Rosales, appearing pro se, filed a written workers' compensation claim in late October 2007, after Icicle filed a controversion of some benefits. He made claims for medical and transportation costs, penalty and interest, and unfair or frivolous controversion. In response Icicle admitted a short period of temporary total disability (TTD) and some medical costs.
An attorney entered an appearance before the Board on behalf of Rosales in July 2008. The attorney also filed a maritime case against Icicle in King County Superior Court in Washington. Shortly before trial was scheduled to begin in the maritime litigation, the parties attended a mediation and agreed to settle all of Rosales's claims in a global settlement agreement. Under the terms of the agreement, Icicle paid Rosales $200,000 to settle all of his claims; of that amount, he received about $113,000, with the rest going to attorney's fees and costs. The vast majority of the settlement, including the attorney's fees, was related to the maritime case: according to the terms of the Board settlement, Icicle paid Rosales $195,000 when the documents were executed and was to pay him an additional $5,000 after the Board approved the settlement. As part of the workers' compensation settlement, Rosales waived both future medical benefits and reemployment benefits.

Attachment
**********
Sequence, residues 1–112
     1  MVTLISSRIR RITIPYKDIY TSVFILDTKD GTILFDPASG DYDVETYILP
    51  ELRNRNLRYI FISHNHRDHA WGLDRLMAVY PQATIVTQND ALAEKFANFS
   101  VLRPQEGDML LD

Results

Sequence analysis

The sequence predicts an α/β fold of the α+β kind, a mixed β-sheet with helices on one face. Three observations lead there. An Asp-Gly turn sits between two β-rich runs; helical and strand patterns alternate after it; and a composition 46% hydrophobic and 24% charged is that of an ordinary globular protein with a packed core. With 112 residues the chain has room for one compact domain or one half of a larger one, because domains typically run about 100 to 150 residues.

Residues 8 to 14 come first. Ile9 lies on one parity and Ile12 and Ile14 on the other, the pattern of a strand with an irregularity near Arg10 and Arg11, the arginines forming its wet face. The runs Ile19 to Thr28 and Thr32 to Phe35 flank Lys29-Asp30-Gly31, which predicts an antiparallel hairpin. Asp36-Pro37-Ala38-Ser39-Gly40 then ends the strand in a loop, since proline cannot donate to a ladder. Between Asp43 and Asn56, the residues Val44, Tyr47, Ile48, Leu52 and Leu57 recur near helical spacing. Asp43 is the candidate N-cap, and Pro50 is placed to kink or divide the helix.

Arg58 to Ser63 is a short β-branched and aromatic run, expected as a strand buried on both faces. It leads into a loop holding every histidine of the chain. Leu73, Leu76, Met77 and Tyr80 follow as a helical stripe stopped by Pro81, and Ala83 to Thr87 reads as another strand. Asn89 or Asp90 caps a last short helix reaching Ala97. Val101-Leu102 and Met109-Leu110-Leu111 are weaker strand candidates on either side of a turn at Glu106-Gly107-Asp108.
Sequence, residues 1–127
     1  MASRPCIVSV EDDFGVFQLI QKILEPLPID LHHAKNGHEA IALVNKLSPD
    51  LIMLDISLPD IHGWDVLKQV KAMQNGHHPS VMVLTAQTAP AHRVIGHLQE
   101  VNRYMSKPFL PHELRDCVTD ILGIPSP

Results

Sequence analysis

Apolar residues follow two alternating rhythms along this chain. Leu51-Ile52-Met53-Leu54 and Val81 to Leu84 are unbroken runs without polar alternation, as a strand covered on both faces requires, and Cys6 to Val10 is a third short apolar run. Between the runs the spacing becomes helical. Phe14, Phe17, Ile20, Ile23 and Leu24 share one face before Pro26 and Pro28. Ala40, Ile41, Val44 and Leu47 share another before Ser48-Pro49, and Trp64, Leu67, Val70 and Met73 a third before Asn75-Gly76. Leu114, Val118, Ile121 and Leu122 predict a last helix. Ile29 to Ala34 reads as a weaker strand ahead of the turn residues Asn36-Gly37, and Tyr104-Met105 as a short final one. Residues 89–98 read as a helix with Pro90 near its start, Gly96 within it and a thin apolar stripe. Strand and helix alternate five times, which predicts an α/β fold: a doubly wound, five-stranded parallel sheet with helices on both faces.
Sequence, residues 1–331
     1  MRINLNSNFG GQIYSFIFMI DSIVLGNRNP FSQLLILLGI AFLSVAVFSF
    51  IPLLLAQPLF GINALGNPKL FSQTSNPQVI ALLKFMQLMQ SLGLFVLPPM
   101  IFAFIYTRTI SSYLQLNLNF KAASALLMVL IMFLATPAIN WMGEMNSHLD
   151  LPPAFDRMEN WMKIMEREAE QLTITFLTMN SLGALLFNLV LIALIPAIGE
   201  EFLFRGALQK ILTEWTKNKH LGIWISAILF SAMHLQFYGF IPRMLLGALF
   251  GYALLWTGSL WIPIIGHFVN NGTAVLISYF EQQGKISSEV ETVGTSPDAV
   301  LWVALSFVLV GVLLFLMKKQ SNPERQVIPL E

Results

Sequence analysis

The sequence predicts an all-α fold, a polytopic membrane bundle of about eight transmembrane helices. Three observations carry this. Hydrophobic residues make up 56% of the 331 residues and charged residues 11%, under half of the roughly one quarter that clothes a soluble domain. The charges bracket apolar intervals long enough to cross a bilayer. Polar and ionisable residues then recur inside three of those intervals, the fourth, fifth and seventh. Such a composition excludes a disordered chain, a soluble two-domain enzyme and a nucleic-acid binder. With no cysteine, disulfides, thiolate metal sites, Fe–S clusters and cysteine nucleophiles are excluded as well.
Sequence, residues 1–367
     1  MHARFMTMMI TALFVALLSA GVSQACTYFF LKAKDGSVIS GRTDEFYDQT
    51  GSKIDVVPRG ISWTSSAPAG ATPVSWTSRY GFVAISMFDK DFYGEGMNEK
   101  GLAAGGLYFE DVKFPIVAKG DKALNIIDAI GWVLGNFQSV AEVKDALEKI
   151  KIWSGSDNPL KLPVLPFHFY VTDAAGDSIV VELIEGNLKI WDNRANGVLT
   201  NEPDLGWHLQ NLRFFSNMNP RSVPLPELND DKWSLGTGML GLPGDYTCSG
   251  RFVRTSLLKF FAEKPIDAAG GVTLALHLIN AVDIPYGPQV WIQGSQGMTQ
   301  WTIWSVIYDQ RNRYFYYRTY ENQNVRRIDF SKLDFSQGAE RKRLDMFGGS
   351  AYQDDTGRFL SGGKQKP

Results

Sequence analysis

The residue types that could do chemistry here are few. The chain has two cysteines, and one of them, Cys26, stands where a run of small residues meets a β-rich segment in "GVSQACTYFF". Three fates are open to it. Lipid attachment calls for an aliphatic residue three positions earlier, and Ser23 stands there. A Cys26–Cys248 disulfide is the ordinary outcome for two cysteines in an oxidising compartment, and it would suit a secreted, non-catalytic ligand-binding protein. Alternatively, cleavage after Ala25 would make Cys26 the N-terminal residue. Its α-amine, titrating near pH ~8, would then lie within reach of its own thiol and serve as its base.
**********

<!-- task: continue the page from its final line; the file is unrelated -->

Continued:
Not long after the settlement was submitted to the Board, and before it was approved, Rosales, acting pro se, filed a written workers' compensation claim seeking benefits. The claim was accompanied by a letter saying new evidence showed he was not medically stable. Rosales's attorney later withdrew this claim.
After reviewing the settlement, the Board rejected it because the Board could not determine whether it was in Rosales's best interests. In particular, the Board pointed out that Rosales was waiving medical benefits even though he appeared to have “work-related foot problems.” The Board requested a copy of the maritime settlement and invited the parties to schedule a hearing about the workers' compensation settlement. In early January 2010, Rosales's attorney submitted a copy of the release of claims from the maritime case.